The British population is now more worried about their finances than to catch Covid, according to a major university study that suggests rising inflation is becoming the public’s top concern.
In March, 38 per cent of UK adults said they were worried about their finances, the highest proportion since University College London’s Covid Social Survey launched in March 2020.
In contrast, the proportion of concerns about contracting or contracting the coronavirus fell to 33 percent from 40 percent in January.
All age groups reported an increase worried about their finances, but the number reached almost half of those aged 30 to 59, twice that of older people. Of this middle-aged group, only about a third were concerned about Covid.
Prof Daisy Fancourt, the lead author, said the results “have seen a cost of living crisis emerge”.
Fancourt said the results showed how the government’s new relaxed coronavirus guidelines had affected the way people viewed the disease. “This is despite the fact that the number of Covid cases, hospitalizations and deaths remains the same or higher than in January 2022, meaning that the overall situation remains unchanged despite the change in attitude,” she said.
In England, the legal restrictions surrounding Covid ended on February 24th, followed shortly afterwards by similar easing in other countries.
Household finances became the top concern for Britons before the energy bill cap set by the sector regulator rose 54 percent in April. Even before that, consumer inflation rose to a 30-year high of 6.2 percent in February and consensus is set for a further increase in the March figure to be released on Wednesday.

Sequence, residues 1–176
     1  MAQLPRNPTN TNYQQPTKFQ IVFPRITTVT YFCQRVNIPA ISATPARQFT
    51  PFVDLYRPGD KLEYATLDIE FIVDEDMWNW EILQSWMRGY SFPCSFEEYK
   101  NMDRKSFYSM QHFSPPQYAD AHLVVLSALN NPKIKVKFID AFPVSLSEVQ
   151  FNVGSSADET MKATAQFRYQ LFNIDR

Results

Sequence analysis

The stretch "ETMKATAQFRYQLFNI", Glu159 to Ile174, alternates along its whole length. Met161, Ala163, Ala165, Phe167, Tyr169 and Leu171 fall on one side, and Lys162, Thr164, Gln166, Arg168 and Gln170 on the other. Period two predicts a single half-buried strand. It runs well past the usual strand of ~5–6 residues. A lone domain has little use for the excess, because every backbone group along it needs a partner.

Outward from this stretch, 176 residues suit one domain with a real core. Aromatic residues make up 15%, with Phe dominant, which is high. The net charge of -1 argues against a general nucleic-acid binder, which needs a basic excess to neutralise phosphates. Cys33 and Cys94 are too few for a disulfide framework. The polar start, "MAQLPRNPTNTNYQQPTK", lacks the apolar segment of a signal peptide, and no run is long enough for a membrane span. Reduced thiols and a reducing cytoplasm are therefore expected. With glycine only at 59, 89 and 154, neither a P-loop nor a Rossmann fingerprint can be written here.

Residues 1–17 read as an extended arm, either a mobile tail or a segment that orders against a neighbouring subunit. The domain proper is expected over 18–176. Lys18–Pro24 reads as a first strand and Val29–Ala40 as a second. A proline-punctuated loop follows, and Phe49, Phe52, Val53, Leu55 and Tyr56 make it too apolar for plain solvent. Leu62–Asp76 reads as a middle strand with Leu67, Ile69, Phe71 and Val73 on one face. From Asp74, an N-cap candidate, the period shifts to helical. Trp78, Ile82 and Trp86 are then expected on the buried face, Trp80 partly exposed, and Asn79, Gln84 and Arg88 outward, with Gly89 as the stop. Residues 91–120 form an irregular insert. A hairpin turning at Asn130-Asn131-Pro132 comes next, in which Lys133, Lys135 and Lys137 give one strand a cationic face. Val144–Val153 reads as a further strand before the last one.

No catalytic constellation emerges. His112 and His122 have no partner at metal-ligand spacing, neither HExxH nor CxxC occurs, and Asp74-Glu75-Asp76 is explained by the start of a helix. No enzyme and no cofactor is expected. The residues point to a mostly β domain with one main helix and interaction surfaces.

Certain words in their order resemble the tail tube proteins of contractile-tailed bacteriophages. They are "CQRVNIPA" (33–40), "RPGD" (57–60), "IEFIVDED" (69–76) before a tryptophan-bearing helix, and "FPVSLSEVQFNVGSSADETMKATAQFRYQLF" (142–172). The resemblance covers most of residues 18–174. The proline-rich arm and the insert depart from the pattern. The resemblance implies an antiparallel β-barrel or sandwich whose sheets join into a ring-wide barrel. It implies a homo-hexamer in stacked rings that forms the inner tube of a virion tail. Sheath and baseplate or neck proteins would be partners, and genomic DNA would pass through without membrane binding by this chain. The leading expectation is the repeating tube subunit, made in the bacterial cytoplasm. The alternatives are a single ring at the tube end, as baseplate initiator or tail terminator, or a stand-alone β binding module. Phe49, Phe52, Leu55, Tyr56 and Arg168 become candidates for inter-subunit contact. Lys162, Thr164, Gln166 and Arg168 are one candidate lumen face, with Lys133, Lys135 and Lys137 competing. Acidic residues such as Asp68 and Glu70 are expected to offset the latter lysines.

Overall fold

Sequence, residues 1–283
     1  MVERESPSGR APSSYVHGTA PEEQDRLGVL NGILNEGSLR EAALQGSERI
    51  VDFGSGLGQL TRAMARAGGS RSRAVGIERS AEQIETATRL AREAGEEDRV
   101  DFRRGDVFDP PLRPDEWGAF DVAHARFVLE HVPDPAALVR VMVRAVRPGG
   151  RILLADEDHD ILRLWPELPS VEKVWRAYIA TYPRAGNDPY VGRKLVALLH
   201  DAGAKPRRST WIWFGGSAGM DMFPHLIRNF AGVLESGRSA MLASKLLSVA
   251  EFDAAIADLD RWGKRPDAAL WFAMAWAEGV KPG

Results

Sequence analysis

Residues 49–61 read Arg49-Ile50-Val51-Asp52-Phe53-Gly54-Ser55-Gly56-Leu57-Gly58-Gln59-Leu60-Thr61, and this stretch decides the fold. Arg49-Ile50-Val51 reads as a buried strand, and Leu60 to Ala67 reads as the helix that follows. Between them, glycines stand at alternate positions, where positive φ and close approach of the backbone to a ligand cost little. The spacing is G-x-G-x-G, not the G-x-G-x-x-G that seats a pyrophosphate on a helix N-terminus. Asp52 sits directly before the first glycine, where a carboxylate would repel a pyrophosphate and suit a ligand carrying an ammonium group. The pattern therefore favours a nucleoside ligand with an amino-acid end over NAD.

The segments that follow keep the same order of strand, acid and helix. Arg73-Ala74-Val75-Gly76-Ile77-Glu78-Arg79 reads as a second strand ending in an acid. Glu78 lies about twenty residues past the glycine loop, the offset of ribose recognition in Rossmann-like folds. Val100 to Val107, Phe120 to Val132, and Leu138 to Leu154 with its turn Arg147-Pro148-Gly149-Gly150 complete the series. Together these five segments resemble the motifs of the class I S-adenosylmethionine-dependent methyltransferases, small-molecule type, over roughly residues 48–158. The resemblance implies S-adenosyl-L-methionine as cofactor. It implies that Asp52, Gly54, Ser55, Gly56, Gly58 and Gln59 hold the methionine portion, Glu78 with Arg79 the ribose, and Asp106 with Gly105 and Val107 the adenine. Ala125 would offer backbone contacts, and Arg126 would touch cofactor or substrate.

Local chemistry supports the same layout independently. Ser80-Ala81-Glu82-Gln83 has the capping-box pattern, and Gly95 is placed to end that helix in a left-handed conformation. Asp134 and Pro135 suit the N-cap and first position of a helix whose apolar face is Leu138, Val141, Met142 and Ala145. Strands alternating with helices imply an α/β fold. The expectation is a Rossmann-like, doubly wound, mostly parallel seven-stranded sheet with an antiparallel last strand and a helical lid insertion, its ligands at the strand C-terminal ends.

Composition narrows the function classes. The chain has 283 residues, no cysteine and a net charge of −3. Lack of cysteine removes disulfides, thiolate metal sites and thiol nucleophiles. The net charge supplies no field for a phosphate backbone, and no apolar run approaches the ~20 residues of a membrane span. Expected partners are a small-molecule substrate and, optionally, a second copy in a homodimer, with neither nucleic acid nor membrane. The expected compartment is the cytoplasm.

Inflation could accelerate further in the second half of the year, on the back of higher gas and oil prices following the Russian invasion of Ukraine.
As a result, only around half of the population felt in control of their finances in March, compared with almost two-thirds last October, the UCL study found.
The study, funded by the Nuffield Foundation, UKRI and Wellcome, is based on a survey of 29,000 people interviewed between March 21 and 27. Much smaller studies, published every two weeks by the Office for National Statistics, showed an increase in the proportion of the population reducing their proportion of non-essential expenses and energy use to cope with the rising cost of living.
The UCL report also found that the cost of living crisis was generating new mental health problems, with happiness and life satisfaction falling monthly since last summer. At the same time, depression and anxiety symptoms were at their highest in almost a year and at levels when the first lockdown was eased in 2020.
Cheryl Lloyd, director of education programs at the Nuffield Foundation, said the results showed “that the rising cost of living is having a negative impact on people’s mental health, particularly those living on low incomes”.
And this despite the fact that people are going out more and more. Nearly two in three people left the home for entertainment in the past month, an all-time high for the study. In fact, most people followed the new relaxed guidelines, the study found, but confidence in the government to handle the pandemic well remained relatively low, similar to when the first lockdown was eased in 2020.
https://www.ft.com/content/eb3542e0-62bd-41f5-ac82-6b9bdebe3d62 Brits are more concerned about the cost of living crisis than Covid